Despite substantial progress several fundamental issues of hypertensive renal damage remain unresolved. (1) The term 'BP load'is still used genetically due to the complexity of the BP phenotype because of its fundamental lability and oscillating phenotype and because the relative pathogenic importance of individual BP parameters (components) remains poorly defined. (2) Likewise, the real time renal transmission of the fluctuating BP must be a dynamic process, but methods to assess such transmission in the conscious unanaesthetized state remain to be developed and validated. (3) Although an impairment of protective renal autoregulation (AR) is recognized to play a central role in the enhanced BP transmission and the increased susceptibility of chronic kidney disease patients to hypertensive induced renal damage (HERD), the responsible mechanisms remain obscure.
Specific Aim 1 is addressed to the question - - what is the pathogenetically relevant definition of the """"""""aggregate BP load"""""""" for the renal vascular bed. We will test the hypothesis that a more precise quantitation of """"""""BP load"""""""" may be achieved by a biophysical estimation of the BP energy and its individual components for correlation with HIRD. This will be performed in rats with remnant kidneys because of their enhanced susceptibility to HIRD. Suboptimal antihypertensive therapy will be used to increase the natural variability of the """"""""BP load"""""""" components. Multivariant analysis will be used to examine the separate or combined contribution of the individual """"""""BP load"""""""" components to renal damage.
Specific Aim 2 is addressed to the assessment of dynamic BP transmission in conscious rats. Our studies have shown that in contrast to the currently used but poorly predictive parameters, transfer function analysis of the admittance gain at the heart beat frequency and the magnitude of the myogenic resonance peak might provide better indices. The validity of these proposed parameters will be examined by their correlations and/or correspondence with the magnitude and/or kinetics of the AR response during step changes in BP in several models in which such step responses have shown excellent correlations with susceptibility to HIRD.
Specific Aim 3 will address the mechanisms responsible for the impaired renal AR in afferent arterioles isolated from remnant kidneys. Our preliminary results have suggested that the inward rectifier potassium channel (Kir) that plays a major role in the pressure induce depolarization and myogenic responses and its function, is altered in remnant kidneys. Further characterization of the altered signal transduction mechanisms will be performed in similarly isolated afferent arterioles and myocytes using techniques that are well established in Dr. Loutzenhiser's laboratory. We believe that the collective expertise of the investigative team is uniquely equipped to address these fundamental questions in the pathogenesis of HIRD.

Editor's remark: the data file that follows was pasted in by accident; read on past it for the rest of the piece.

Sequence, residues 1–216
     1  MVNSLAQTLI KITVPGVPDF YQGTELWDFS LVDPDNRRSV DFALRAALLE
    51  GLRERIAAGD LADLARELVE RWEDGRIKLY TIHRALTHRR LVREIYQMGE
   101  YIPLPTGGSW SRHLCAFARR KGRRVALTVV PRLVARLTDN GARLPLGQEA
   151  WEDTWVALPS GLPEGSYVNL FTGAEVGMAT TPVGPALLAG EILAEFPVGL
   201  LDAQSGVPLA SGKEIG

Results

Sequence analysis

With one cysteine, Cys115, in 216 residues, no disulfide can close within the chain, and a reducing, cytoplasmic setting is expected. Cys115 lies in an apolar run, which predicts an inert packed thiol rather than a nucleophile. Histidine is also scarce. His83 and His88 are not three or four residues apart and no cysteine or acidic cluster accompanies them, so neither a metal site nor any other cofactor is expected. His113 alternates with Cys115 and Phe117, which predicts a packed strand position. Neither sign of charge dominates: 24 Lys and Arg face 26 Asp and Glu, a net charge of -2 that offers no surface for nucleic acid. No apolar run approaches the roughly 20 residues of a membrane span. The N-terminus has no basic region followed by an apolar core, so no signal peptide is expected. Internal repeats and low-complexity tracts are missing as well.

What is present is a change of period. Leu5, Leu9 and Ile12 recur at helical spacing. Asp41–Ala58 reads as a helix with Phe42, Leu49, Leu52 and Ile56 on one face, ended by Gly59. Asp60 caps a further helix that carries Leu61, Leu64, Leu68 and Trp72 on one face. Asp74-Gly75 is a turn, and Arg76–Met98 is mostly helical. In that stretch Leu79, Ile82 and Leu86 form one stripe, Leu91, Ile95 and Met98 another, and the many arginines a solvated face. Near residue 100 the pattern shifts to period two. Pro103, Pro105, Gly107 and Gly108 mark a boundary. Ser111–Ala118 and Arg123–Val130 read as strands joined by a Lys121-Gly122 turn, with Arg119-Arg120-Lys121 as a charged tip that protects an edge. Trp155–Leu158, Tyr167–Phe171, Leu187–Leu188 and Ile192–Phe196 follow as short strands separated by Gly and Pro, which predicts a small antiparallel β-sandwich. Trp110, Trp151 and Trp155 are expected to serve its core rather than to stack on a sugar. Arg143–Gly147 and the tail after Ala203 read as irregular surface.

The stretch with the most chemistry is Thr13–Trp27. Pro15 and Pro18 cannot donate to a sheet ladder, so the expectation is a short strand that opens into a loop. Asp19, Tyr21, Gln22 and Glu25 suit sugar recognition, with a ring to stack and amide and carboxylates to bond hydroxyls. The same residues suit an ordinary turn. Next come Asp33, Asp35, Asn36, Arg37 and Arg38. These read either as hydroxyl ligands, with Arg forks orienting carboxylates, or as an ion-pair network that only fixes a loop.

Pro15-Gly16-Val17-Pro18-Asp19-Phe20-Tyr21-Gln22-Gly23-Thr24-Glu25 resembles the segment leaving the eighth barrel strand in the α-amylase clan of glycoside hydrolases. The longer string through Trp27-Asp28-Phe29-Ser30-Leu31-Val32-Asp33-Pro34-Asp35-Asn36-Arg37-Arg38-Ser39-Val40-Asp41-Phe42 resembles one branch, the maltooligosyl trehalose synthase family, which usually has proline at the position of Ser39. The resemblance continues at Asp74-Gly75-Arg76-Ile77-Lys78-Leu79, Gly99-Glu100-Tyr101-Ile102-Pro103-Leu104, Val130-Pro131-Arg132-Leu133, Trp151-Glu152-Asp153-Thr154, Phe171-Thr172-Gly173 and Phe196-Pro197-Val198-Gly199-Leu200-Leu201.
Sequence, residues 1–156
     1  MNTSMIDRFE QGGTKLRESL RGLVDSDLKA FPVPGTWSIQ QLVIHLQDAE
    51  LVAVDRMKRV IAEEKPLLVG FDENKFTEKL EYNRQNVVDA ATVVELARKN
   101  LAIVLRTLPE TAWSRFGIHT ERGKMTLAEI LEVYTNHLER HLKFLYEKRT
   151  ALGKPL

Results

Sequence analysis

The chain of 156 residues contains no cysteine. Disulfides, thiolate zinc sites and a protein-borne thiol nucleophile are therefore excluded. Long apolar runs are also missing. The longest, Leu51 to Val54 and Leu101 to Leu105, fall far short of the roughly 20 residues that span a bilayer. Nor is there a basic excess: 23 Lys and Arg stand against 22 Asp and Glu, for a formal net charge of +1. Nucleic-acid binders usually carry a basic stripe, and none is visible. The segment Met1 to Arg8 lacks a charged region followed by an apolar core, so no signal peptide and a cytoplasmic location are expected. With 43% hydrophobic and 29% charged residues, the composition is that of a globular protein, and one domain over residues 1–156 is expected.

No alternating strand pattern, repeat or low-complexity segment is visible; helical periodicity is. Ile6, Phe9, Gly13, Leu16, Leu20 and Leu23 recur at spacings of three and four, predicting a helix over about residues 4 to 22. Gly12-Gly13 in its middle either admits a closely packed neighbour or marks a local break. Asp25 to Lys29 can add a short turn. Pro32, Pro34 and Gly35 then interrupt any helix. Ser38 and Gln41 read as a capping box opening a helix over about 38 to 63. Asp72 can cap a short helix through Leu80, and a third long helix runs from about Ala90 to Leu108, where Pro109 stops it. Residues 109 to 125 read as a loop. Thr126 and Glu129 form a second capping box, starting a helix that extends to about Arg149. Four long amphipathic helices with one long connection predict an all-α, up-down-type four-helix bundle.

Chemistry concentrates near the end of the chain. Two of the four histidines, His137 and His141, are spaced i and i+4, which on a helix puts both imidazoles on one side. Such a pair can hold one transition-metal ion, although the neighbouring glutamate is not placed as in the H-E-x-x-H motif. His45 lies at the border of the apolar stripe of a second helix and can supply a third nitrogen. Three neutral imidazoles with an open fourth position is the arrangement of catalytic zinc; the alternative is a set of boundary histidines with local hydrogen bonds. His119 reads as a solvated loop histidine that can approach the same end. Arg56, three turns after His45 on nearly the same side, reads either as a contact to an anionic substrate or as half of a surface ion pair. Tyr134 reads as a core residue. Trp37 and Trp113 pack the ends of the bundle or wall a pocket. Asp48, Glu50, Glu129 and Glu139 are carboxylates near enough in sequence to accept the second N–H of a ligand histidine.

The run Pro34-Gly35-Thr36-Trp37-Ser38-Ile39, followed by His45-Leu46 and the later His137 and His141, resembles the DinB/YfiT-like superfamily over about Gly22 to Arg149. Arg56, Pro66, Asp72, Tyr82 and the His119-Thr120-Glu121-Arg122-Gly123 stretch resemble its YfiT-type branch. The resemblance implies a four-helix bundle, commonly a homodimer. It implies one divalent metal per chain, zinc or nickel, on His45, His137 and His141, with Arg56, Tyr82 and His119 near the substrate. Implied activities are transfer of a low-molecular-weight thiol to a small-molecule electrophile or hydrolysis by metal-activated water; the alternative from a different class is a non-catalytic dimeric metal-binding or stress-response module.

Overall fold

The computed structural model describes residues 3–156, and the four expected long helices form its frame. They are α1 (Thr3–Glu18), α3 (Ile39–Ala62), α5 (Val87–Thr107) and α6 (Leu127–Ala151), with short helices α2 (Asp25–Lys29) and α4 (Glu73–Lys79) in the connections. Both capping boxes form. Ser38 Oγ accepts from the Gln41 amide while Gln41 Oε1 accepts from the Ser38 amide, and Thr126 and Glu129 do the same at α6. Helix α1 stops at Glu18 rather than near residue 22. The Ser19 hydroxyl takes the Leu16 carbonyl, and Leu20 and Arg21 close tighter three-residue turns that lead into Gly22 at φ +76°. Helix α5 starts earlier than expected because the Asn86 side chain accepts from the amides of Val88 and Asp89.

Agency
National Institute of Health (NIH)
Institute
National Institute of Diabetes and Digestive and Kidney Diseases (NIDDK)
Type
Research Project (R01)
Project #
5R01DK040426-18
Application #
7786242
Study Section
Special Emphasis Panel (ZRG1-RUS-A (03))
Program Officer
Ketchum, Christian J
Project Start
1990-02-15
Project End
2012-03-31
Budget Start
2010-04-01
Budget End
2011-03-31
Support Year
18
Fiscal Year
2010
Total Cost
$242,143
Indirect Cost
Name
Chicago Assn for Research & Education in Sci
Department
Type
DUNS #
187174339
City
Hines
State
IL
Country
United States
Zip Code
60141
Griffin, Karen A (2017) Hypertensive Kidney Injury and the Progression of Chronic Kidney Disease. Hypertension 70:687-694
Bidani, Anil K; Griffin, Karen A (2015) Basic science: hypertensive target organ damage. J Am Soc Hypertens 9:235-7; quiz 238
Polichnowski, Aaron J; Licea-Vargas, Hector; Picken, Maria et al. (2015) Glomerulosclerosis in the diet-induced obesity model correlates with sensitivity to nitric oxide inhibition but not glomerular hyperfiltration or hypertrophy. Am J Physiol Renal Physiol 309:F791-9
Polichnowski, Aaron J; Griffin, Karen A; Picken, Maria M et al. (2015) Hemodynamic basis for the limited renal injury in rats with angiotensin II-induced hypertension. Am J Physiol Renal Physiol 308:F252-60
Polichnowski, Aaron J; Lan, Rongpei; Geng, Hui et al. (2014) Severe renal mass reduction impairs recovery and promotes fibrosis after AKI. J Am Soc Nephrol 25:1496-507
Griffin, Karen A; Polichnowski, Aaron; Litbarg, Natalia et al. (2014) Critical blood pressure threshold dependence of hypertensive injury and repair in a malignant nephrosclerosis model. Hypertension 64:801-7
Bidani, Anil K; Polichnowski, Aaron J; Loutzenhiser, Rodger et al. (2013) Renal microvascular dysfunction, hypertension and CKD progression. Curr Opin Nephrol Hypertens 22:1-9
Polichnowski, Aaron J; Griffin, Karen A; Long, Jianrui et al. (2013) Blood pressure-renal blood flow relationships in conscious angiotensin II- and phenylephrine-infused rats. Am J Physiol Renal Physiol 305:F1074-84
Griffin, Karen; Polichnowski, Aaron; Licea-Vargas, Hector et al. (2012) Large BP-dependent and -independent differences in susceptibility to nephropathy after nitric oxide inhibition in Sprague-Dawley rats from two major suppliers. Am J Physiol Renal Physiol 302:F173-82
Lan, Rongpei; Geng, Hui; Polichnowski, Aaron J et al. (2012) PTEN loss defines a TGF-?-induced tubule phenotype of failed differentiation and JNK signaling during renal fibrosis. Am J Physiol Renal Physiol 302:F1210-23

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